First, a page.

Every once in a while, however, word came out that they had caved in to some stupid request from the US government to hand over search data, just like the DoJ-frightened Microsoft and the ever-clueless AOL. Somehow they managed to redeem themselves, at least to a small degree, by being a bit less accommodating then the other search engines. But it really worried me whenever I heard of their Chinese operations. When they setup shop there four years ago, they did so under an agreement to censor certain subjects on As Victoria used to say, “We are not amused” by such things. In fact, I was disgusted and disappointed.

It’s one thing to fall in with the US government, it has to work within certain limits. It is also recently run by those that aren’t exactly mental giants, recalling a president that obviously didn’t delight in reading and left the impression that he didn’t know how. The Chinese are not limited by any legal restraint, any historical sense of decency in power, and they’re not stupid. Neither China nor the rest of the world are well served by an amoral regime that is unchecked by anyone.

Yesterday, Google announced “A new approach to China” on their official blog. Finally motivated by a series of attacks against their systems last month, Google has “decided we are no longer willing to continue censoring our results on”. It’s a tough call whether the people of China are better off with a censored Google or none at all, in the short term. In the long term, however, it’s definitely in the interest of the people of China that their government not be allowed to pretend that it is a legitimate and mature member of the community of modern nations.

It’s a risky bet. China has gotten their way until now, and the other companies that have gone along with the statist thugs in Beijing (Microsoft, Yahoo!, and Cisco spring to mind, but there are dozens of other co-conspirators to censorship in the world’s largest country) may all decide to take advantage of Google’s absence. It won’t even slightly surprise me if they do. On the other hand, I would be delighted to learn that Ballmer is abashed at the comparative venality of coöperating and steps up to join them. Google has more to lose here than anyone else, and they’re willing to make the bet.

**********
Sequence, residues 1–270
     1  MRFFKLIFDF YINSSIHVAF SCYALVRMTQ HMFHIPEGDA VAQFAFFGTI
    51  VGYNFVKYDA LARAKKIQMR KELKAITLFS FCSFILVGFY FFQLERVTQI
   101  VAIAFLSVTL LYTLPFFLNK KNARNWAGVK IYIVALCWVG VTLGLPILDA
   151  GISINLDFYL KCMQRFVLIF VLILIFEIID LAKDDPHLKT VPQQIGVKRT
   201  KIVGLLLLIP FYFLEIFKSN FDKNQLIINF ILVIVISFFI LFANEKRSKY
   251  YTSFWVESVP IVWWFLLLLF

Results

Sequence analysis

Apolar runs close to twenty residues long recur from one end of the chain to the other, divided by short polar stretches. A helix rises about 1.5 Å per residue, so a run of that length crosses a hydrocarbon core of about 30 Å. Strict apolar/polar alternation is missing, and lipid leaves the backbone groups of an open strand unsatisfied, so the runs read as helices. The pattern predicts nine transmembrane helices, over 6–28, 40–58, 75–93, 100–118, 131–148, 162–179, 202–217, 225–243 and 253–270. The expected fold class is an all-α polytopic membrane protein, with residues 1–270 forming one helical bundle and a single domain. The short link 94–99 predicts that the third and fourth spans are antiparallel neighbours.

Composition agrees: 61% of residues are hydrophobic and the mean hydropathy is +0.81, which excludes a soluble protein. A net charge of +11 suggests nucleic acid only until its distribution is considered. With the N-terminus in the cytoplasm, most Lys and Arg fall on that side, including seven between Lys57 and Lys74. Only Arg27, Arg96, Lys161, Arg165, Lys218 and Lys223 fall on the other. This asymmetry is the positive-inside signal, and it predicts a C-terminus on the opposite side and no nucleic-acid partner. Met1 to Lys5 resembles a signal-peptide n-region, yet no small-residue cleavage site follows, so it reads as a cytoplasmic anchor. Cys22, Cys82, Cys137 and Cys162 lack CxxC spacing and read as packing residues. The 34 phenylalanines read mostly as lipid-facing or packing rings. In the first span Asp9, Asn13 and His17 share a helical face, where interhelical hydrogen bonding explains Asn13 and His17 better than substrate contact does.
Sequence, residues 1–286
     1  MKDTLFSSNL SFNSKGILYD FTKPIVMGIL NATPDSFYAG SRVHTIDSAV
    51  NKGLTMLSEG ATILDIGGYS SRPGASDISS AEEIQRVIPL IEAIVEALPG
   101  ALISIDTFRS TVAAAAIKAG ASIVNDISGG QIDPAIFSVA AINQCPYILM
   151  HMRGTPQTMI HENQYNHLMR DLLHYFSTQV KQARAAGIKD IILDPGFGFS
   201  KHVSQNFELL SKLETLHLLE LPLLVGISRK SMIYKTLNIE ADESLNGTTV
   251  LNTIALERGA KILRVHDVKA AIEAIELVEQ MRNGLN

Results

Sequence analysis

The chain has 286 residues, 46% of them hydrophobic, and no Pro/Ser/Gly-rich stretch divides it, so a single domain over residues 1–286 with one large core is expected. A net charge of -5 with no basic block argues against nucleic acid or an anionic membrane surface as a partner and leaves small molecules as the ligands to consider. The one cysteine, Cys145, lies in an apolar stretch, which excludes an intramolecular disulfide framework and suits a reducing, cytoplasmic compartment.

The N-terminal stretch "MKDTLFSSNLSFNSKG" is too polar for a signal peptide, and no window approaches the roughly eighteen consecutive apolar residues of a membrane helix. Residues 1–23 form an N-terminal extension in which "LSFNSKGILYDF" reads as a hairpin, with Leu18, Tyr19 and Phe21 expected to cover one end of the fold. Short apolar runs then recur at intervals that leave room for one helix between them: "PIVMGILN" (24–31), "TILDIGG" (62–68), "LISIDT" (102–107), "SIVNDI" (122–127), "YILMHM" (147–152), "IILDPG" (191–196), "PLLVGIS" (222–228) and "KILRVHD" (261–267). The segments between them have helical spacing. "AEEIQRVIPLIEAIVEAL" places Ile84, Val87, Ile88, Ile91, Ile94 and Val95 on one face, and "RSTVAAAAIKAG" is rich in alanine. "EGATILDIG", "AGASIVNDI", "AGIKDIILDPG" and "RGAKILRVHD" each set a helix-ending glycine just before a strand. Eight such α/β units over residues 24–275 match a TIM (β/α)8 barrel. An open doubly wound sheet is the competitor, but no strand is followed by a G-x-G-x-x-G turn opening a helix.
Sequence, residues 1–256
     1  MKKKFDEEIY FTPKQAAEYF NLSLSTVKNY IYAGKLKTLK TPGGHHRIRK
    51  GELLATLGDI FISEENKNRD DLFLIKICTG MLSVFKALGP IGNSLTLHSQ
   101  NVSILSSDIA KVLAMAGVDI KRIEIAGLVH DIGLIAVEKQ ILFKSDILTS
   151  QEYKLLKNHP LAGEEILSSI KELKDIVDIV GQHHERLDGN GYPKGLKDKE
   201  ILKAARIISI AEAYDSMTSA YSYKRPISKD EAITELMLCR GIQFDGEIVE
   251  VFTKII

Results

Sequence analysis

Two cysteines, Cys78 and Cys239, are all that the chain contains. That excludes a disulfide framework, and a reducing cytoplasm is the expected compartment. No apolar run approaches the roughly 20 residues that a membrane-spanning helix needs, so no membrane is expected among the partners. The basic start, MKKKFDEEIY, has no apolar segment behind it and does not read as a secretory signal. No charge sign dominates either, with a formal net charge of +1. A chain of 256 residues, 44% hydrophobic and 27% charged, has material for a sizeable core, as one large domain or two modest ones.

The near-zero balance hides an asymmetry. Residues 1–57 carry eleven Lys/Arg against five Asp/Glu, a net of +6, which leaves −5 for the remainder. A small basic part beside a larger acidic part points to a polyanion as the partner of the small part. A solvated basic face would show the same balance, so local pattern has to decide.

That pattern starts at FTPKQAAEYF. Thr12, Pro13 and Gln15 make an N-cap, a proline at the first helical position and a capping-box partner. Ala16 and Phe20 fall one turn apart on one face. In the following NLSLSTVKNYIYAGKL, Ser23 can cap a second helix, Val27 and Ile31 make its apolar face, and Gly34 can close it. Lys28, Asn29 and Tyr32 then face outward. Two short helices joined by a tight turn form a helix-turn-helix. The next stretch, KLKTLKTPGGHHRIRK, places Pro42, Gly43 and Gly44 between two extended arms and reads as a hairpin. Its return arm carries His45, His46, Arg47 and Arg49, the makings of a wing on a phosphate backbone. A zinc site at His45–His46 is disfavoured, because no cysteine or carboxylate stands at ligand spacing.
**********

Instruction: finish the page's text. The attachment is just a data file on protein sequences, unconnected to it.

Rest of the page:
They’re are worse things than censorship, slavery and murder for example. But those are illegal and we don’t need anybody to take a stand against them. Censorship is profoundly evil and damaging, and we need champions to continue to highlight it. Thank you Google!

Tuesday, 12 January 2010

Tax the Banks!

According to Obama Weighs Tax on Banks to Cut Deficit in today’s New York Times, the Obama administration is considering a significant tax on large banks to help close the current deficit. Needless to say, the banks aren’t exactly thrilled at the prospect, pointing out that most of them have already paid back their bailouts. While true, this amply demonstrates that the big players in the financial system still don’t get it, not that we were holding our breaths expecting them to.

Leaving aside the obvious fact that government does not always tax based on direct relationships, if they did we would see taxes on the poor to pay for poverty relief, the major element here is that the costs of the irresponsibility of the financial institutions do not start and end with the costs of directly keeping those institutions afloat. One suspects that the bailouts for the banks and brokerages represent a tiny fraction of the damage that was done. Even when the US Treasury has been made whole, the American people won’t have been. If a tax on the financial industry can help cover some of the other costs of the recent economic crisis it will be a good step; if the administration conjures up some way to structure the tax so it eliminates the high-risk strategies that got us in this mess, that’s better.